Local firefighters on alert for ArizonaPublished 12:05am Tuesday, July 2, 2013
Covington County is home to a group of specialized firefighters like the 19 who died Sunday in an Arizona wildfire, and thankfully, no one local was in the group who perished in what is being called the deadliest blaze in state history.
Men and women headquartered in the Andalusia office of the Alabama Forestry Commission and the U.S. Forest Service work as part of the unit during all times of natural disaster.
Travis Chesser with AFC is among that group, and he said firefighters were put on alert to respond to the blaze last week.
“Right now, we don’t have anyone out there,” Chesser said. “They did send out an email to get on the list to go to Arizona, but no one from here signed up. When you go, you go for three weeks, and we respond to all sorts of natural disasters, not just fires.”
Sunday’s disaster in Arizona marks the highest death toll among firefighters from a U.S. wildland blaze since 29 men died battling the Griffith Park fire of 1933 in Los Angeles, according to the National Fire Protection Association.
The precise circumstances surrounding Sunday’s deaths of all but one of a 20-member team remained unclear a day after they perished while battling a blaze that has destroyed scores of homes and forced the evacuation of two towns. But fire officials said the young men fell victim to a volatile mix of erratic winds gusting to gale-force intensity, low humidity, a sweltering heat wave, and thick, drought-parched brush that had not burned in some 40 years.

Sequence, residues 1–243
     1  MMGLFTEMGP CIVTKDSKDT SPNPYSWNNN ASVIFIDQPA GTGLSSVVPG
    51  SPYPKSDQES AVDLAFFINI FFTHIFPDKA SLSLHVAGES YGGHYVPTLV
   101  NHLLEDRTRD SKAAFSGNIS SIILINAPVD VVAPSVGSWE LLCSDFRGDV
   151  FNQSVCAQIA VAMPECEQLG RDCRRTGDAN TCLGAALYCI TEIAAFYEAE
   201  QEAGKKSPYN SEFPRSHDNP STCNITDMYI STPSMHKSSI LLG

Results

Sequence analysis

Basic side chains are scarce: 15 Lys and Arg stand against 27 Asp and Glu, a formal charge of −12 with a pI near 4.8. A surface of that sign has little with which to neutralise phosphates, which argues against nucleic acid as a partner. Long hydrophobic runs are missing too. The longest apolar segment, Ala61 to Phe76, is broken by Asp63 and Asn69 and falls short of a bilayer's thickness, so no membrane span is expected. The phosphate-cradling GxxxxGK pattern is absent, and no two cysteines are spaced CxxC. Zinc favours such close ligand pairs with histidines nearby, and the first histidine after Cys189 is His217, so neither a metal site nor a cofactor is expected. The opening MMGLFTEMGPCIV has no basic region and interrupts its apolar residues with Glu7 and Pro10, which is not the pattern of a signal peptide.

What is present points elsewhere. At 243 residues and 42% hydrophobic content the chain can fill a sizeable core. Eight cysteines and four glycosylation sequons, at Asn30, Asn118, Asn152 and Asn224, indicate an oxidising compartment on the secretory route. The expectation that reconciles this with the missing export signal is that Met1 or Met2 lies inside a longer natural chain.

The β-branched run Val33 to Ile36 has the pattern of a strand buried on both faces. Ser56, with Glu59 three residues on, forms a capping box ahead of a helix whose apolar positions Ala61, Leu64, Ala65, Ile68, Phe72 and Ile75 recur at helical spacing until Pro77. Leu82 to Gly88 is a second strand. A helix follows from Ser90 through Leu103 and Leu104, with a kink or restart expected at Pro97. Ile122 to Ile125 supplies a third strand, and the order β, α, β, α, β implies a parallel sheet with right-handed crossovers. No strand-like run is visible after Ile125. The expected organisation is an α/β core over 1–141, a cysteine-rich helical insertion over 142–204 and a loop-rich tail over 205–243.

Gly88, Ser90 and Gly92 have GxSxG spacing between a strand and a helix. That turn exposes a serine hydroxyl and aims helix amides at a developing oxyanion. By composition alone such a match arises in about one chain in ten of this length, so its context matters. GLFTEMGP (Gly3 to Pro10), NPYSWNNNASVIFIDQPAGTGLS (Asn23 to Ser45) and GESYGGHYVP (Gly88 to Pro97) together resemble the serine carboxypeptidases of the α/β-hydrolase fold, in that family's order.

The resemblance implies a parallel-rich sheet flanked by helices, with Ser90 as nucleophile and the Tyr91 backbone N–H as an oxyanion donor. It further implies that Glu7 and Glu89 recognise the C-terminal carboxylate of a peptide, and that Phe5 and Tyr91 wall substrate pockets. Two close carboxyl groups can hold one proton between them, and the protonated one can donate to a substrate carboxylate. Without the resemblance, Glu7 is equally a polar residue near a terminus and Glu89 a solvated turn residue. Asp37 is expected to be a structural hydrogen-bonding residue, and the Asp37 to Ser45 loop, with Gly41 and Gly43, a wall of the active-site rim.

The doomed firefighters had managed to deploy their personal fire shelters – tent-like safety devices designed to deflect heat and trap breathable air – in a last-ditch effort to survive that ultimately proved futile, officials said.
The blaze was ignited by lightning on Friday near the town of Yarnell, about 80 miles northwest of Phoenix, and by Monday, was still raging unchecked after scorching some 8,400 acres of tinder-dry chaparral and grasslands.
Authorities ordered the evacuation of Yarnell and the adjoining town of Peeples Valley. The two towns are southwest of Prescott and home to roughly 1,000 people.
A Yavapai County Sheriff’s Office spokesman said on Sunday at least 200 structures had been destroyed, most of them in Yarnell, a community consisting largely of retirees. Fire officials said most of the buildings lost were homes.
The so-called Yarnell Hills blaze was one of dozens of wildfires in several western U.S. states in recent weeks. Experts have said the current fire season could be one of the worst on record.